The International Criminal Court’s chief prosecutor isn’t ruling out further charges against Russian President Vladimir Putin or his top officials for war crimes in Ukraine, but says further investigation and seeing the current charges — and any that follow — through to trial will require “stamina.”
Karim Khan made the comments during his first official visit to Canada as he seeks to shore up international support for the court’s mission to hold Putin accountable for the war crimes committed during his invasion of Ukraine.
A warrant was issued in March for the arrest of Putin and his children’s rights minister Maria Lvova-Belova over the forced deportation of Ukrainian children to Russia.
“Our job is to follow the evidence, and we did that,” Khan told Eric Sorensen in an interview that aired Sunday on The West Block.
“I think now it requires stamina. It requires the international community to make sure that the law is rendered potent.”
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That stamina will also apply to the pursuing of further charges against Putin and other Kremlin officials and military leaders, he says, which will also require following the evidence.
“I said when I was in Bucha, behind St. Andrew’s Church with body bags in front of me, that Ukraine is a crime scene,” Khan said. “I’ve been to Borodyanka and Kharkiv and Kherson and other locations, and one sees a whole variety of devastation.
“I’m going to keep going to the best of my ability with the excellent work of the men and women of my office, with the partnerships we’re building with Ukraine and Canada and many other states, to make sure that the law is felt at this moment of need with greater impact than perhaps people thought was possible.”
Khan says successful war crimes prosecutions are typically lengthy, with several years often passing between an indictment and a conviction.
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After being charged in 2003 for his role in the Sierra Leone civil war, Liberian president and warlord Charles Taylor stood trial between 2007 and 2011 and was found guilty in 2012. Khan served as the head of Taylor’s defence in that trial, having worked as a legal defender for years before he was elected the ICC’s chief prosecutor in 2021.
It took even longer to convict those responsible for war crimes during the Bosnian and Yugoslav wars of the 1990s. Both Radovan Karadzic and Ratko Mladic were indicted in 1995, but weren’t arrested until over a decade later and were found guilty in 2016 and 2017, respectively.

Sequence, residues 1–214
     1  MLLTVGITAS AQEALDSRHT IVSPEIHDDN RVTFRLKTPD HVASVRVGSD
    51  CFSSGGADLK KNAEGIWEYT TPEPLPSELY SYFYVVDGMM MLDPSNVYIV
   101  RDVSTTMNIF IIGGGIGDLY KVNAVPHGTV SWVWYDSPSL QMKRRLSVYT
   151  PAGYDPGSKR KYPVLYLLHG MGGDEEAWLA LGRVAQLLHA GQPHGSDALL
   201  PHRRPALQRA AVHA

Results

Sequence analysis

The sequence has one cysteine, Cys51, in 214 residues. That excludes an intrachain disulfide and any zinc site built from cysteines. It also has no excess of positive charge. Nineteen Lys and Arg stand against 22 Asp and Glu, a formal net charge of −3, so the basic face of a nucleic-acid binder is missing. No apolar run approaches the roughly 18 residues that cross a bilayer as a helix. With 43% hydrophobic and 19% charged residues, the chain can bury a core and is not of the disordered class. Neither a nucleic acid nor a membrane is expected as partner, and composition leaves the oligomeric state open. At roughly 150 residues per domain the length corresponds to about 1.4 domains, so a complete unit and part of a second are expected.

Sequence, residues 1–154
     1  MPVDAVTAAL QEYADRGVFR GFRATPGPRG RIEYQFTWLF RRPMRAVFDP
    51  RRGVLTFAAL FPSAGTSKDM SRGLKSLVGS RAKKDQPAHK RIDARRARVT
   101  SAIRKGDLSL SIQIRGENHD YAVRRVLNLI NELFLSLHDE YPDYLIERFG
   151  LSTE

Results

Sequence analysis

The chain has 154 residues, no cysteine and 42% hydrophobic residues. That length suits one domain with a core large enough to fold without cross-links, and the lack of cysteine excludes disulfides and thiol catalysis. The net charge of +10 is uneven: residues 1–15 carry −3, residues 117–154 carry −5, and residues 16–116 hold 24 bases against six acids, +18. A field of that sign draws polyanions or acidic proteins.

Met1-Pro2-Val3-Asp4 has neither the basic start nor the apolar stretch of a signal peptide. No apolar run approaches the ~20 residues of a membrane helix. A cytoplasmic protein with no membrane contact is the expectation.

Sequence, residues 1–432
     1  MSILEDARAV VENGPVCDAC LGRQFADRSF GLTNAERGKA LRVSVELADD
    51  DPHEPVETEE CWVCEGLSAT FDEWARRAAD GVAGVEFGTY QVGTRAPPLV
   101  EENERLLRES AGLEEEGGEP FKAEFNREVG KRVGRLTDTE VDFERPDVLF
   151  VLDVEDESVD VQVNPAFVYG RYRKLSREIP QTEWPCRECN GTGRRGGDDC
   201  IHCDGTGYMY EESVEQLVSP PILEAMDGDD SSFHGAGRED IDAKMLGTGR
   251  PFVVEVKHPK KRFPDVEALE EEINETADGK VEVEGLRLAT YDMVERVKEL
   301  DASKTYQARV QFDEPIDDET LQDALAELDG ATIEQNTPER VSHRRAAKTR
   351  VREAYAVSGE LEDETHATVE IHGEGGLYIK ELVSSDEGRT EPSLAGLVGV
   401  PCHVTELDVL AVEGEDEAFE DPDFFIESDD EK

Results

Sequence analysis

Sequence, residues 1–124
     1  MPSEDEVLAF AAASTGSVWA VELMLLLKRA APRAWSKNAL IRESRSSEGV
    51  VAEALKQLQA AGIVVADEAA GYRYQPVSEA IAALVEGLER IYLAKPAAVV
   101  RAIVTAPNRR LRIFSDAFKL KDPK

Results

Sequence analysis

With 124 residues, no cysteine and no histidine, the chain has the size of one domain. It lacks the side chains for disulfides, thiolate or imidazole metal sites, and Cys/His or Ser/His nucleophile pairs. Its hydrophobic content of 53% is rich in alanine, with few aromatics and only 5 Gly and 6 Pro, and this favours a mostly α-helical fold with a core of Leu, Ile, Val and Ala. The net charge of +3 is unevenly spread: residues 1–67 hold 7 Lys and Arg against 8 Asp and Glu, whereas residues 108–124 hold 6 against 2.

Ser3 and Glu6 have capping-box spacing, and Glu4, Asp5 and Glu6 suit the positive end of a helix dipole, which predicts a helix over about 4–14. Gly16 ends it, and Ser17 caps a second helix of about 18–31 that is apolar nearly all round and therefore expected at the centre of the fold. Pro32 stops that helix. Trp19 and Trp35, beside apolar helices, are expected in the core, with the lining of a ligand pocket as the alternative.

Former Yugoslav and Serbian president Slobodan Milosevic died in his prison cell at the Hague in 2006 before his five-year-long trial could reach a verdict.
Khan also points to the Cambodia Tribunal, which was convened in 1997 to hold members of the Khmer Rouge responsible for the Cambodian genocide in the 1970s. Three convictions were won before the court dissolved last year.
“There’s no statute of limitations for war crimes,” Khan said.
“There is a presumption of innocence, but people that are innocent should answer the allegations. But if one flees and if one seeks to simply dispute jurisdiction, the allegation doesn’t go away.”
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Russia, which does not recognize the court, has said it considers the ICC warrants “legally void” and called the court’s move “outrageous and unacceptable.”
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“We’ve got a strong case,” Khan said, adding the choice for Putin is simple: “My call is answer the charges or release the children.”
The ICC counts on its 123 member states, including Canada, to execute its warrants. Khan notes the court does not have a police force, requiring members to align on the importance of international justice.
“As long as we’ve got the stamina to not lose focus, I think history tends to show that there can be justice,” he said. “But if we get distracted, if we de-prioritize it, then we can erode confidence in the rule of law.”
The first true test of that partnership may come in August, when Putin is expected to to attend the international BRICS summit in South Africa. The summit, which will include the leaders of Brazil, India and China, would be Putin’s first trip to an ICC member state since the arrest warrant was issued.
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Khan told reporters and parliamentarians in Ottawa on Friday that he is confident South African authorities will arrest Putin. But South Africa, which enjoys economic and diplomatic ties with Moscow, is reportedly urging Putin to attend the summit virtually to avoid breaking its pact with the ICC, according to the country’s Sunday Times.
South Africa is among 32 countries that have abstained from United Nations votes calling on Russia to end its invasion of Ukraine.
The country’s ambassador told the Canadian Press in an interview last month that South Africa is seeking to defuse the conflict through peace talks. He said Moscow’s security concerns regarding NATO should be addressed, though added Russia should be held accountable for its invasion and that Ukraine’s territorial integrity “must be maintained.”
Khan says it’s becoming more important for additional countries to join the ICC and show the world a collective commitment to justice, particularly amid increased global conflict and nuclear brinkmanship by countries like Russia, China and North Korea.
“We should feel that this is the opportunity to step up and apply the law with greater vigour everywhere in the world,” he said.
“Ukraine is an important testbed to make sure if we’ve got the collective will to do that.”
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